Complex PTSD vs BPD

Jul 10, 2023

Overlapping symptoms of two mental health disorders can make it difficult to differentiate between the two on your own. To the untrained eye, Complex Post-Traumatic Stress Disorder (C-PTSD) and Borderline Personality Disorder (BPD) might look similar as they share some risk factors and symptoms. In this blog post, we’ll show why it’s important to have a comprehensive assessment by trained mental health professionals to determine if one of these disorders is affecting you or if there’s a presence of both.

Complex PTSD vs. BPD: Complex Post-Traumatic Stress Disorder (C-PTSD) is specifically linked to repeated or prolonged exposure to traumatic events, particularly those involving interpersonal trauma such as childhood abuse, domestic violence, or long-term captivity. It is primarily a response to chronic trauma and the resulting disruption in one’s sense of self and interpersonal relationships. Unlike C-PTSD, the exact causes of Borderline Personality Disorder (BPD) are not as clear. They may stem from genetic and environmental factors as well as traumatic experiences. C-PTSD symptoms tend to be more trauma-specific, while BPD symptoms tend to affect a person’s overall functioning in all areas of life. If you know someone with C-PTSD or BPD, help to begin healing is available in the Dallas area at Origins Recovery & Counseling.

What Is C-PTSD?

C-PTSD is frequently the result of prolonged and repeated exposure to traumatic experiences, particularly in interpersonal relationships, such as chronic childhood abuse, domestic violence, or prolonged captivity. C-PTSD diagnosis criteria contain all PTSD criteria as well as the following: emotional dysregulation that’s characterized by difficulties managing or regulating emotions, powerful and unstable emotions, emotional outbursts, and emotional numbness or emptiness; disturbances in self-identity with a distorted self-image, feelings of shame or guilt, a persistent sense of worthlessness, and trouble developing a cohesive sense of self; relationship issues can stem from a difficulty creating and maintaining healthy relationships, including issues with trust, intimacy, and keeping boundaries; and hopelessness due to people suffering from C-PTSD experiencing a loss of meaning, existential problems, and a sense of pessimism.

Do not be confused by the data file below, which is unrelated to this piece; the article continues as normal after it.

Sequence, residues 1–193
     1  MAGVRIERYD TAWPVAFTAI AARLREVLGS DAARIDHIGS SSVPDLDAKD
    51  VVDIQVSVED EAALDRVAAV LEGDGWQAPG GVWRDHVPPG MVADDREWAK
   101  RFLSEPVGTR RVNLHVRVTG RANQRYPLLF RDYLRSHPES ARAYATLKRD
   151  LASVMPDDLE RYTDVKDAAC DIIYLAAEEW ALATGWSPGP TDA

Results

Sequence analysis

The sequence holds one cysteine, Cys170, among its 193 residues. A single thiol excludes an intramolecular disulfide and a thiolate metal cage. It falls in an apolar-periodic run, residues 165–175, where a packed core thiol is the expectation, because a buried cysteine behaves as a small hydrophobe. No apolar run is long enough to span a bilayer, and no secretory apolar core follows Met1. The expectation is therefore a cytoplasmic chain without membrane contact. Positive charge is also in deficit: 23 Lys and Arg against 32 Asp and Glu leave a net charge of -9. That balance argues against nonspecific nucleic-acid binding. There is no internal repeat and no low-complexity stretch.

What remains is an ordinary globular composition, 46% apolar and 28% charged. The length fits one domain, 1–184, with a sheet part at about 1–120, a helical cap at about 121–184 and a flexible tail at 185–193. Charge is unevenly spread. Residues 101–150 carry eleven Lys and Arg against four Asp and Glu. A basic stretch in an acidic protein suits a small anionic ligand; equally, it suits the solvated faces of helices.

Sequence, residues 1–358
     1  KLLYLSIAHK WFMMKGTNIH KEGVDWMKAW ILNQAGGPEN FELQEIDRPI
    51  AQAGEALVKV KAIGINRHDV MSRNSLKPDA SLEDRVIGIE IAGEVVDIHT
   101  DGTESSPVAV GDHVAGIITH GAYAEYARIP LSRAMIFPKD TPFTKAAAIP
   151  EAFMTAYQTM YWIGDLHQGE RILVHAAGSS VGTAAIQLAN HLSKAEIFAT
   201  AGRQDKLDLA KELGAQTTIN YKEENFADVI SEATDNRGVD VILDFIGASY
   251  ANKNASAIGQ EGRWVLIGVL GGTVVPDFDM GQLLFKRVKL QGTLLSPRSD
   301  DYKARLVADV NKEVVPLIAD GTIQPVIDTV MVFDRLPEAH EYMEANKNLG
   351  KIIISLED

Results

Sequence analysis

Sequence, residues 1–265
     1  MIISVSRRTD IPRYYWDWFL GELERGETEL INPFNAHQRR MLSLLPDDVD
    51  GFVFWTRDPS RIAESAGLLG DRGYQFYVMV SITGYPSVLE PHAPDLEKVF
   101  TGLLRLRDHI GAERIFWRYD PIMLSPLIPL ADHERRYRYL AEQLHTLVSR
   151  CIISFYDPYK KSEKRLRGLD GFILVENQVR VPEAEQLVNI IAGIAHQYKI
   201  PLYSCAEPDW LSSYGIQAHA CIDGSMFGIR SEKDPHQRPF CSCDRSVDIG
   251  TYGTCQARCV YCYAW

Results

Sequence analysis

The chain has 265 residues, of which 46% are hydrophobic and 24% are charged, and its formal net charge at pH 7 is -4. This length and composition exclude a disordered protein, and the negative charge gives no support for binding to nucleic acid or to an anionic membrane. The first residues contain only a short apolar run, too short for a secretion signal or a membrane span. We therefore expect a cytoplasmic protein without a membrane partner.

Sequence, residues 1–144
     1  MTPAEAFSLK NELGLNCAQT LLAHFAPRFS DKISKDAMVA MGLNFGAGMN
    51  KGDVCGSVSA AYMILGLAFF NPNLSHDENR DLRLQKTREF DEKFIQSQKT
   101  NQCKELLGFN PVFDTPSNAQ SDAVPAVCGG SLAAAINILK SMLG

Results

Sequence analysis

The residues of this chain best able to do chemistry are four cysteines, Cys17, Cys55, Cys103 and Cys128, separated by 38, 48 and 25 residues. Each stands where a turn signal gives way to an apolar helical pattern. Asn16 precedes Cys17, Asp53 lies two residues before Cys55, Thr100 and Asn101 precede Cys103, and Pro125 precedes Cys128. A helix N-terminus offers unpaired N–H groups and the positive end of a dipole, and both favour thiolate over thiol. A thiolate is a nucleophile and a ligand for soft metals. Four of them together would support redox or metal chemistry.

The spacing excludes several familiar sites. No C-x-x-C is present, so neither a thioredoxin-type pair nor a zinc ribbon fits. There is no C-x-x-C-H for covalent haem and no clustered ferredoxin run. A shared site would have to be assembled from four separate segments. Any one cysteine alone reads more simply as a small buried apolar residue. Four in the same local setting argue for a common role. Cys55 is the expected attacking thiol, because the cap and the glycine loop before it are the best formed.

How Does BPD Differ from C-PTSD?

Let’s look at Complex PTSD vs. BPD. Borderline Personality Disorder (BPD) and Complex Post-Traumatic Stress Disorder (C-PTSD) share some overlapping symptoms and can coexist in some people. BPD is a personality disorder identified by persistent patterns of instability in relationships with others, self-image, and emotions. Specific criteria for diagnosing BPD are outlined in the Diagnostic and Statistical Manual of Mental Disorders (DSM-5), with symptoms that include fear of abandonment, unstable sense of self, impulsive behaviors, intense and unstable relationships, chronic feelings of emptiness, recurrent self-harm or suicidal behavior, and emotional instability. BPD can be recognized by a wide spectrum of symptoms that manifest in multiple life domains, such as relationships, self-identity, emotions, and actions. It has an impact on an individual’s overall functioning and can result in considerable impairment in a variety of aspects of life.

How Is C-PTSD Treated?

C-PTSD treatment frequently consists of a combination of therapy treatments addressing the condition’s many symptoms and problems. Common C-PTSD treatment strategies include Cognitive Behavioral Therapy (CBT), Dialectical Behavior Therapy (DBT), Eye Movement Desensitization and Reprocessing (EMDR), and others. CBT helps people process traumatic situations, challenge inaccurate ideas, and establish appropriate coping strategies. Individuals suffering from C-PTSD with emotional dysregulation and self-destructive behaviors may benefit from DBT since therapy focuses on improving emotional regulation, distress tolerance, and interpersonal efficacy skills. EMDR can also be used to treat C-PTSD by processing traumatic memories and associated beliefs. Bilateral stimulation is used to help in the reprocessing of traumatic situations and to promote healing.